There is an area of probability theory called Minimum description length, where the language is chosen to be so simple (not Turing complete) so that you can actually find the shortest program or "description". Calculating probabilities this way is very similar to Bayesian probability, but more general.

Solomonoff in (almost) practice

Although the point of the theorem is not to apply it directly in practice, for short sequences X we can actually try. We can avoid problem 1 above, there are infinitely many programs, by generating random programs and see if they produce X. If they do, we count them. This way we can produce an approximation of what the true sum0 and sum1 are. If we set up our random generation such that shorter programs are more likely, then we don't have to bother with the 2 ** (-program length) part and may just have a running count for each sum. If the sequence is too long, this method will be impractical since almost no randomly generated programs will actually output X.

Problem 2 above, when we test programs they may not halt, is harder, but Levin has proposed a way around it. If we in addition to program length use running time (number of instructions executed) as a measure of the probability of our program, we can start by generating all the programs that we intend to test and then run them all in parallel. As our execution moves forward, we will get an increasingly accurate approximation of the true sum0 and sum1, without getting stuck on infinite loops.

If we want to get even more practical, it can be shown that the shortest program that produces X will generally dominate the others and thus it will predict the most likely next symbol. That way you can just search for programs that output X and the currently shortest program will be your best guess. Since we no longer care about the relative probability of the next symbol, but only which is most likely, the search does not have to be random. Thus we can use any method we like for finding a short program. If you search for programs that produce X and find one that almost does, you can construct a "true" solution from that one, by constructing a prefix part that hard codes the places where your original program is wrong. This will produce a longer program, where the length, and thus the "score", is the length of the prefix + the length of your faulty solution. The size of the shortest program that outputs X is called the Kolmogorov complexity of X. The size of the shortest program that outputs X, measured in program size + log(running time), is called the Levin complexity of X.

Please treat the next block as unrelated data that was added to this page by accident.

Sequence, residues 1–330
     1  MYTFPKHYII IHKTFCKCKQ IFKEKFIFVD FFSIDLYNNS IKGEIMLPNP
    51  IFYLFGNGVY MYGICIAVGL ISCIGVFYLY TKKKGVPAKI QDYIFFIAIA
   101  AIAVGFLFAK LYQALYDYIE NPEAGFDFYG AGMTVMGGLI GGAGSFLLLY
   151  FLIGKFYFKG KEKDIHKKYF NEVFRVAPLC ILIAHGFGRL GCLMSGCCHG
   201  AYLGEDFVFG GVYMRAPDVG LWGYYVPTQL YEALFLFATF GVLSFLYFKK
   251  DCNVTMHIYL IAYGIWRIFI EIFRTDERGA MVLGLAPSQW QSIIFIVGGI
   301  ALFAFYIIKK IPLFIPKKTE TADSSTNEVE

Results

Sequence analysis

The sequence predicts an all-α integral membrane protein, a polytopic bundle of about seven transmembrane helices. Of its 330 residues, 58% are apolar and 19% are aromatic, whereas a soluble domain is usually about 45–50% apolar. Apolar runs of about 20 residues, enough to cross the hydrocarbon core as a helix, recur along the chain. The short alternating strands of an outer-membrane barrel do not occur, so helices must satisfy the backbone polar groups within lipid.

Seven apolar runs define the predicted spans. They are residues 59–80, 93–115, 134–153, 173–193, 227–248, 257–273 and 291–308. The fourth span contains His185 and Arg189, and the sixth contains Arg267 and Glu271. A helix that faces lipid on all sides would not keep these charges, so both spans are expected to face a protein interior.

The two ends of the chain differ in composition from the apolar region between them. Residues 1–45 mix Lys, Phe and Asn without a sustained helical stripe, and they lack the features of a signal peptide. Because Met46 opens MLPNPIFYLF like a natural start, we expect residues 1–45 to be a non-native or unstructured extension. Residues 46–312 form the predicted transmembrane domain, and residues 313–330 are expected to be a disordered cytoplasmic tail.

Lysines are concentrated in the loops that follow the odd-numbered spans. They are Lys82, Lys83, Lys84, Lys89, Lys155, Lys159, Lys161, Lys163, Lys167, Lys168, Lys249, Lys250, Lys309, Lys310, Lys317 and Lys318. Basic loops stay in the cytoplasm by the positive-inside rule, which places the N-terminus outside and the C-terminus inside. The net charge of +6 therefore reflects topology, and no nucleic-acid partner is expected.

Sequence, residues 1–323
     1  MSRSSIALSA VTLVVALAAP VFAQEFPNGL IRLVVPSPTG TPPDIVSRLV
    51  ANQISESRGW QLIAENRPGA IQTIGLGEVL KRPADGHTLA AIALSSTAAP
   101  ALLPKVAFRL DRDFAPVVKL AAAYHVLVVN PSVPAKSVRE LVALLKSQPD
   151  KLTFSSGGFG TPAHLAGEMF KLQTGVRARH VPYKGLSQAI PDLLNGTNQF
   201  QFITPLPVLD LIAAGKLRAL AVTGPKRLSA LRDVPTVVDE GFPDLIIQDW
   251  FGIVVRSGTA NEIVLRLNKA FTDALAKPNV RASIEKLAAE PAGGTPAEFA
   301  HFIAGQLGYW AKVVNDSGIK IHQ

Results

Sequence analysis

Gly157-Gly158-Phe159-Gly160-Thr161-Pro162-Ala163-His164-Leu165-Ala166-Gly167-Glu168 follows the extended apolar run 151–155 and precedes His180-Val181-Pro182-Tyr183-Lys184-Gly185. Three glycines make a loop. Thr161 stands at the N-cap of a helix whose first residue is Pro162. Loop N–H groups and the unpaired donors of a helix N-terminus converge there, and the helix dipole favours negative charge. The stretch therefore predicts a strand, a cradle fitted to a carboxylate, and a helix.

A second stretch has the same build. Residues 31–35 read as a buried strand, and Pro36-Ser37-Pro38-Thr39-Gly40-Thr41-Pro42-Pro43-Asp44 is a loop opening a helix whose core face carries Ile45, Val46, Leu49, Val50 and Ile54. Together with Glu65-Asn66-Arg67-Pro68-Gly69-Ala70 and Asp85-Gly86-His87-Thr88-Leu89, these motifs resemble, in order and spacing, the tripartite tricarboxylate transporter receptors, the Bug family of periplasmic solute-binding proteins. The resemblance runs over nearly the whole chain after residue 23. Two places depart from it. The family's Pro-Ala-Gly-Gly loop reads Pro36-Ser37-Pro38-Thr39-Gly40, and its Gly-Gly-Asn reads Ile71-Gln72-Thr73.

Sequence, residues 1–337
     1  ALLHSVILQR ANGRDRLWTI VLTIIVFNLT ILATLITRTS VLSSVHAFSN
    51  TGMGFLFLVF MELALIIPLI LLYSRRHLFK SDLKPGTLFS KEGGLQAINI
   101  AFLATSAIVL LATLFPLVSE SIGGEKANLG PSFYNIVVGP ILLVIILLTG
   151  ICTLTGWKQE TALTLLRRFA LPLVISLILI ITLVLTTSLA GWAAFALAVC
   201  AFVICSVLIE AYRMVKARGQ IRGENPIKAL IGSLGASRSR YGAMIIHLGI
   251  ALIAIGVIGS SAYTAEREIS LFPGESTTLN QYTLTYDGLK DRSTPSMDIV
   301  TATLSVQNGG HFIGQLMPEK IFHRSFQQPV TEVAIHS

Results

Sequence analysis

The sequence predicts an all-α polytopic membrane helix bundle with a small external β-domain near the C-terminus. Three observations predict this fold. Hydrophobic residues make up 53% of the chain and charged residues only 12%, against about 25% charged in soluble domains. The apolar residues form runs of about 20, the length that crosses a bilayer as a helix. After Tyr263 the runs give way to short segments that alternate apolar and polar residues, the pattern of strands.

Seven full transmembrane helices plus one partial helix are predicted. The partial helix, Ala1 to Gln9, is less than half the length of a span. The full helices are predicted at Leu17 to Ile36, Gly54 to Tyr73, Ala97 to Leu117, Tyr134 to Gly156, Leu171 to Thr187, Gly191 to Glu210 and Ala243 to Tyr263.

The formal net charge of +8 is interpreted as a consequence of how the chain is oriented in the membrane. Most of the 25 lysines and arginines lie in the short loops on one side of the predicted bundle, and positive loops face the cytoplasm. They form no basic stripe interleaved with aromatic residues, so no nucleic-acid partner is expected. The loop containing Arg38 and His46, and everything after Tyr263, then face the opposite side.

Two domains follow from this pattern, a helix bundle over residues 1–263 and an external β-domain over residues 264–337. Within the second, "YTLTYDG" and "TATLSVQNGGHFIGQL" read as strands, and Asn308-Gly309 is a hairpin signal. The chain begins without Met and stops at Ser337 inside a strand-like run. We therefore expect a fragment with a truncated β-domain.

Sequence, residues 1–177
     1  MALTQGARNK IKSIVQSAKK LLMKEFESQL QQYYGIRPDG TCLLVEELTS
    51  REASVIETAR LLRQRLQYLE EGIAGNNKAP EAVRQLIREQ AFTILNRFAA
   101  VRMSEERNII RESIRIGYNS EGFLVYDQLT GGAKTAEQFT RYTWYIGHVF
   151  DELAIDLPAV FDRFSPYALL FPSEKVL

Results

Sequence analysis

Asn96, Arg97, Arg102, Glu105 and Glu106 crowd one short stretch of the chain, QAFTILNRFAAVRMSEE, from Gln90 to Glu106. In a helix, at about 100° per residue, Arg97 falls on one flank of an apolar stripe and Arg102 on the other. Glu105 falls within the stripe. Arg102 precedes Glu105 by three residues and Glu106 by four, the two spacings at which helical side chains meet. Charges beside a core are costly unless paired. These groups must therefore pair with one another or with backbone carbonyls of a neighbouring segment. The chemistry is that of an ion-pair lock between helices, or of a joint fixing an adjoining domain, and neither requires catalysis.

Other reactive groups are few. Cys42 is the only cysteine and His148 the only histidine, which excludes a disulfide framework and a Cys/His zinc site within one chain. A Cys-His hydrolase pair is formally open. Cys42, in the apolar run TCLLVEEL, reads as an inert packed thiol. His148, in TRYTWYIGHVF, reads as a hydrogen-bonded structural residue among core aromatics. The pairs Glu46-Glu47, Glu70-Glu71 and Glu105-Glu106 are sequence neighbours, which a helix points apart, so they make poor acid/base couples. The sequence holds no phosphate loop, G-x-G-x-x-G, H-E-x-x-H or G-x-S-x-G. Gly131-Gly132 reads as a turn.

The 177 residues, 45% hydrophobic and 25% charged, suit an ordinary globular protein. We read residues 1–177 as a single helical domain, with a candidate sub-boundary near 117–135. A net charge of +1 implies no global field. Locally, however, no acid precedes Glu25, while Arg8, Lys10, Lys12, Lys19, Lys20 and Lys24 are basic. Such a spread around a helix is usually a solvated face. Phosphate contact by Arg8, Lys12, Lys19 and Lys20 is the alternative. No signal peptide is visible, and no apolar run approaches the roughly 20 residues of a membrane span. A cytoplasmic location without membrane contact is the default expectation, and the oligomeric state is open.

One way to find these programs is to use genetic programming, just take care that you don't think that you can count the number of programs that produce X and get relative probabilities, because your search will now be skewed towards the solution (and thus its prediction) that you find first.